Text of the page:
Mongolia reveals new dinosaur species
A discovery of multiple fossil assemblages and ash deposits in the Eastern Gobi basin in Mongolia could reveal new knowledge of dinosaurs and extreme climate conditions that existed on Earth 120 to 80 million years ago.
This is according to Dr Ryan Tucker, a sedimentologist and taphonomist in the Department of Earth Sciences at Stellenbosch University. He was part of an international team of scientists, led by Dr Lindsay Zanno of the North Carolina Museum of Natural History, who undertook the expedition to Mongolia. The scientists form part of the Project MADEx (Mongolian Alliance for Dinosaur Exploration), whose work focuses on finding data on climate change in Earth’s deep time, and specifically the Cretaceous period.
Tucker cannot reveal too much information about the discovery, as much of the recovered material belongs to new species yet to be named. “But in broad strokes, we found a rather unusually large ankylosaur, a possible allosaur-type theropod, several new dromaeosaurs (raptors), along with one site locality preserving numerous eggs and egg nests – all roughly from the middle Cretaceous period.
“We are exceedingly happy with the data discovered,” he says.
During the five weeks at the Gobi site, the team surprisingly found ash beds, which had not been identified in the Eastern Gobi until now. “This will significantly improve our understanding of the temporal framework, which currently spans a possible 40 million years. With these specific ash beds, we could improve that age estimate to within 1 million years, allowing us to meaningfully compare similar dinosaurs locally and globally,” Tucker says.
“The data found at the site will provide insights into what we maybe need to adapt in our present time and future. We try to compare the Mongolian fossil assemblages and ecosystems to those of Utah (USA) to test global patterns,” he adds.
Exploring global climate crisis
The recovered fossils, ash deposits and rock material are now at various laboratories in America, Stellenbosch, and Mongolia to determine, among others, the age of the material and to analyse the climate proxies (temperature, humidity, and rainfall). The Mongolian project aims to fill knowledge gaps by exploring the impact of a global climate crisis on North-Eastern Asia’s Cretaceous ecosystems.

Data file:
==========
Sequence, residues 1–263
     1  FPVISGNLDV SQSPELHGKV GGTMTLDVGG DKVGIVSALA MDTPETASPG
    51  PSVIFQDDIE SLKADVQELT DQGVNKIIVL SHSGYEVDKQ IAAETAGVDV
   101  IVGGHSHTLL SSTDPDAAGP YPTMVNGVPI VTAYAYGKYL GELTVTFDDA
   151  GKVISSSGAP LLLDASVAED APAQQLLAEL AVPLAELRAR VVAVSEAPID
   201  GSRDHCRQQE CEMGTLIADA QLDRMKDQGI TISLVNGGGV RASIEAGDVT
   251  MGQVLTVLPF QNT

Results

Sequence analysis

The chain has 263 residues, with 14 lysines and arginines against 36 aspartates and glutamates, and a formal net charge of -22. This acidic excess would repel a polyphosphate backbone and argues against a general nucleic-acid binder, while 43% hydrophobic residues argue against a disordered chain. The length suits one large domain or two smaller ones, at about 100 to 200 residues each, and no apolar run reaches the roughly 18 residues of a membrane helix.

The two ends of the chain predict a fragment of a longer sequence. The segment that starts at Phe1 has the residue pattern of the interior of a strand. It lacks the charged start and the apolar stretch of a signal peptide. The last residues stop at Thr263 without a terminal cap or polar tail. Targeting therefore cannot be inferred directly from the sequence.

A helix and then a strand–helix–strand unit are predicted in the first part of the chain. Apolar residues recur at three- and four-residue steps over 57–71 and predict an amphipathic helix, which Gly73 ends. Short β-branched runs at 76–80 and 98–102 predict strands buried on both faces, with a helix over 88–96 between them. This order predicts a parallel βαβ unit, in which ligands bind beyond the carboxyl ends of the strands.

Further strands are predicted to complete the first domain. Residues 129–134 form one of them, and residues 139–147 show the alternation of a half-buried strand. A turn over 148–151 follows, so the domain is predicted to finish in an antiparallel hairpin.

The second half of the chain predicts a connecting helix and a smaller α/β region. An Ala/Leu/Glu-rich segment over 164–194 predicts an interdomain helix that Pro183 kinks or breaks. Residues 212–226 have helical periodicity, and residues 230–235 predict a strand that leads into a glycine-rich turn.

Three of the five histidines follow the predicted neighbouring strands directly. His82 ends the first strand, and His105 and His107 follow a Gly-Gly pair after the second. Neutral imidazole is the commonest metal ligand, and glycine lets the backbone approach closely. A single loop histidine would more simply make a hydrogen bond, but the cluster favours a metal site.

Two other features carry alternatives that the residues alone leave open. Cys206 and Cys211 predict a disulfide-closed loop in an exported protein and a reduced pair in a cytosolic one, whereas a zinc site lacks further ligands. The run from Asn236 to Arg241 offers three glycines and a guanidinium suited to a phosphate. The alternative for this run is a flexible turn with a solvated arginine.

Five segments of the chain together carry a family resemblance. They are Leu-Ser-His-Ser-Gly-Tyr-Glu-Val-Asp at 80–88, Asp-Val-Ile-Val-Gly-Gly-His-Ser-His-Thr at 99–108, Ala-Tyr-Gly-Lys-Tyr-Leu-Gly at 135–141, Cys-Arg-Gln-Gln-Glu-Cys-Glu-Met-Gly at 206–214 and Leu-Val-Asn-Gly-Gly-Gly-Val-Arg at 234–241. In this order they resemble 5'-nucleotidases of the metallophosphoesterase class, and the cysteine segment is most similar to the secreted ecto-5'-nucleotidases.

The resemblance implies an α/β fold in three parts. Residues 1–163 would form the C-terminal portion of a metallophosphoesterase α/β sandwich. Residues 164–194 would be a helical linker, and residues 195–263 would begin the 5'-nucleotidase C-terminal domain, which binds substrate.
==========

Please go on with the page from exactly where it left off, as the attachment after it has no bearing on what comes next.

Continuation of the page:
Previous research found that the climate on Earth is impacted by the ongoing tectonic processes (the movement of land and earthquakes) or changes in the Earth’s crust. Significant climate shifts in history are linked to such geological processes or changes in the Earth.
Recent research showed a substantial climate change 30 million years ago, during the Cretaceous period. The warming was so intense that rainforests flourished on the South Pole. During this time –dubbed the mid-Cretaceous Thermal Maximum (CTM) – Earth’s inhabitants experienced environmental and climatic disruptions directly linked to Gondwana (Southern Hemisphere separated to form South America, Africa, Antarctica, and Australia) and Laurasia (North America and Eurasia became separated from the Southern continents), Tucker elaborates on how movements in the Earth’s crust can cause climate change.
He states that the detrimental effects of climate change that are currently being felt globally, can possibly be linked to both natural causes and human alteration to natural processes.
“Therefore, our team seeks to fill these knowledge gaps by exploring the impact of a global climate crisis on North-Eastern Asian Cretaceous ecosystems. If we are successful in obtaining research funds it will allow us to better understand the effects of the CTM event in the East Gobi basin of Mongolia, allowing us to capture paleoclimate environmental proxies for global comparisons in a modern or future context.”
Tucker plans to return to Gobi next year with postgraduate students, who will benefit significantly from prospecting there. “Besides helping to explain the region’s cryptic geology, they will also be prepared for a very successful and rewarding career because of the unique nature of the fieldwork and the complexity of the geology there.”
“I hope to find funding to bring the students to Mongolia next year and for many years to come; it holds such a special place in my heart now,” Tucker says.
The Mongolian project team seeks “high-risk, high-reward” areas to do the prospecting. “With the aid of historical geological maps and satellite imagery, we assess areas with good rock exposure, high relief, and lacking human modification,” says Tucker. “In these areas, the risk is high not to recover any fossil material, but the reward is also high because if we find something, it is typically new to science.”
The Eastern Gobi basin is such a site. According to Tucker, there is still a wealth of data to be recovered. “We have just scratched the surface, and we barely covered a fraction of the geographical area we intended to. We saw very little of what there really is.”
The other members of the Mongolian project team are Drs Junki Yoshida and Ryuji Takasaki (research associates, School of Science, Hokkaido University, Japan), Dr Tsogtbaatar Chinzorig (Institute of Paleontology, Mongolian Academy of Sciences), Dr Khishigjav Tsogtbaatar (project advisor and Director of the Institute of Paleontology, Mongolian Academy of Sciences), and Drs Celina Suarez and Marina Suarez (University of Arkansas, USA).